Many studies report that girls do better in single sex classes in secondary school ─ they are more confident in discussion, select more challenging subjects, take more risks with their learning, are more competitive and achieve higher comparable grades than girls in co-educational schools ─ and indeed as a generalisation girls perform better than boys in both contexts on most standardised measures (Alliance of Girls’ Schools). As Year 12 students approach their final term and look towards a future of either further study, employment, or both, it is timely to consider the strengths of single-sex contexts for young women beyond school. In December last year, the University of Essex published research which suggests that girls perform better at university when taught in single-sex classes:
Dr Patrick Nolen and Professor Alison Booth divided 800 first-year undergraduates into three groups for introductory courses in economics. At the end of the year, the average member of the girls-only group did 7.5 per cent better on her exams than those in the other groups. (Andrews, 2011)
This has implications for women undertaking university study and for college living. If young women do better academically in single-sex environments in the tertiary context as well as in the secondary context, then it could be advantageous for them to think strategically about their university tutorial compositions, group work dynamics and residential college designations to maximise their potential outcomes.
In relation to confidence and achievement, Booth and Nolen (2009) found evidence to suggest that young women seem to be shying away from competition and warned that girls who show less confidence in the classroom may be less competitive in the job market. Further, the research suggests that a girl’s schooling environment plays an important role in explaining why a girl chooses not to compete. They looked at the choices made by girls from single-sex and co-educational schools and found differences in their behaviour: girls from single-sex schools behave more competitively than girls in co-educational schools (Maccoby, 1990, 1998 cited in Booth & Nolen, 2009). The conclusions reached regarding competitiveness found that while boys choose to enter into competition more than girls, girls from single-sex schools choose to enter into competition more than girls from co-educational schools.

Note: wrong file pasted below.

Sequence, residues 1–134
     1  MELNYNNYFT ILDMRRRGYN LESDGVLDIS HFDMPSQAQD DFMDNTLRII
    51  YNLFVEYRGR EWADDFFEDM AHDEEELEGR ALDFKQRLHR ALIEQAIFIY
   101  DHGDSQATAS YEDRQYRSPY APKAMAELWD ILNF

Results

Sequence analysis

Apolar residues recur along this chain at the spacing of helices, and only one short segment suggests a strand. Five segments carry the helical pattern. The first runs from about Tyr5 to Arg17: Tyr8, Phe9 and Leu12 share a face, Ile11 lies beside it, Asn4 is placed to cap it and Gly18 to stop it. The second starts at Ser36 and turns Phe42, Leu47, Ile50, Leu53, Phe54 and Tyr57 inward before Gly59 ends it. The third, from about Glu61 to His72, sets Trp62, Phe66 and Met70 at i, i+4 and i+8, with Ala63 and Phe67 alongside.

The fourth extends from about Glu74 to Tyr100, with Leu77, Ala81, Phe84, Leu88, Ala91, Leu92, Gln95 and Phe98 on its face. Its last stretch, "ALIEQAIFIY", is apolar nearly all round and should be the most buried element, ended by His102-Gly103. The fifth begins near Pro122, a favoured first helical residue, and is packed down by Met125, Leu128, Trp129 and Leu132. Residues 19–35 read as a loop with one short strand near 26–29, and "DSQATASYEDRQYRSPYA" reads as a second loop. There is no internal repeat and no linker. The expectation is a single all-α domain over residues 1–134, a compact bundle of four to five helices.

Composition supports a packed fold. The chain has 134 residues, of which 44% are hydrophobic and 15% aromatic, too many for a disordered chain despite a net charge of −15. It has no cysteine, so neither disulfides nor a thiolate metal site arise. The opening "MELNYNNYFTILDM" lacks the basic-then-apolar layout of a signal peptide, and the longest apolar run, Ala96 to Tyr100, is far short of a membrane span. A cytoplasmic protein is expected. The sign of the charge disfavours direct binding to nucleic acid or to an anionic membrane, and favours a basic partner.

Other implications of their study suggest that single-sex schooling for girls can affect economically important preferences. While there might be other advantages to co-educational secondary education ─ not least in terms of socialising boys and girls and preparing them for mixed-gender tertiary colleges and workplaces ─ their analysis does serve to illustrate the importance of the school environment in affecting real economic outcomes through behavioural responses. For example, the differences in competitive behaviour they observed in girls could well have effects on future pay-negotiation skills and remuneration (Booth & Nolen, 2009).
In 2012, women working full-time in Australia earn approximately 17.5 per cent less than their male counterparts and no mother or father wants their daughter being disadvantaged economically or treated inequitably in the workplace, but they can’t advocate for them and their daughters need to be able to manage their own career negotiations. In addition to young women having the confidence to negotiate successfully, Ged Kearney (2012) writes that ‘women often talk about feeling invisible in the workplace, about being overlooked for senior roles. They need to be more assertive’. If, as the research shows, the environment of a single-sex education can help foster confidence, collaboration and competitiveness in young women, then by extrapolation they should be better placed to negotiate opportunities, remuneration, conditions and promotion in their careers.
Booth and Kee (2010) found that there was no compelling reason that performance by boys or girls at school would influence university enrolments, but the fact is that there would continue to be a gender gap in favour of women enrolled in higher education. They concluded that this was in part because of a growth in white collar and service sector jobs and the increasing prevalence of women engaged in paid work outside the home. An additional factor was the increasing financial burden for Australian families in the home mortgage market, demanding more than one income to support the household (Booth & Kee, 2010).
In Australia about 60 per cent of university undergraduates are women and more than 40 per cent of young women hold a bachelor degree or higher qualification compared to 30 per cent of young men. This should translate into successful and advantaged remuneration and careers, but not yet it seems. According to Graduate Careers Australia, the starting salaries of female graduates aged under 25 average $50,000, compared with $52,000 for men (Trounson, 2012). Therefore the pay gap exists before family commitments and mortgages come into the equation. Women and men, educators and parents, need to support our young women to have the confidence to negotiate and to know what is fair and equitable. Young women need to understand the contexts that will advantage them and look to people to support them. Mentors, both women and men, who can guide, sponsor and question them to assist with their personal and professional growth.